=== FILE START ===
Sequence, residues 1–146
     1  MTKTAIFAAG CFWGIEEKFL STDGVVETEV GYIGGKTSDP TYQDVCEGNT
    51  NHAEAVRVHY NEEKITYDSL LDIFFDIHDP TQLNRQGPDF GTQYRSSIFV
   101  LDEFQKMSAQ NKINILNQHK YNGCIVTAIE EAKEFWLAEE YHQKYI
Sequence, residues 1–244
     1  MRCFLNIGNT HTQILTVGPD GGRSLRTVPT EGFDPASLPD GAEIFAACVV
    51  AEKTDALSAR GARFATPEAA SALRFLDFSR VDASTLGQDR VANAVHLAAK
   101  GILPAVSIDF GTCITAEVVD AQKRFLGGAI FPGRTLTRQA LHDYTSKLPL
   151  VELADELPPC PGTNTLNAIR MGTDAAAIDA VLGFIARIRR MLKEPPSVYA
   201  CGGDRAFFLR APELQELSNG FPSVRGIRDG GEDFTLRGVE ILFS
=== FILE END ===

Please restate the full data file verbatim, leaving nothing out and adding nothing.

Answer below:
Sequence, residues 1–146
     1  MTKTAIFAAG CFWGIEEKFL STDGVVETEV GYIGGKTSDP TYQDVCEGNT
    51  NHAEAVRVHY NEEKITYDSL LDIFFDIHDP TQLNRQGPDF GTQYRSSIFV
   101  LDEFQKMSAQ NKINILNQHK YNGCIVTAIE EAKEFWLAEE YHQKYI
Sequence, residues 1–244
     1  MRCFLNIGNT HTQILTVGPD GGRSLRTVPT EGFDPASLPD GAEIFAACVV
    51  AEKTDALSAR GARFATPEAA SALRFLDFSR VDASTLGQDR VANAVHLAAK
   101  GILPAVSIDF GTCITAEVVD AQKRFLGGAI FPGRTLTRQA LHDYTSKLPL
   151  VELADELPPC PGTNTLNAIR MGTDAAAIDA VLGFIARIRR MLKEPPSVYA
   201  CGGDRAFFLR APELQELSNG FPSVRGIRDG GEDFTLRGVE ILFS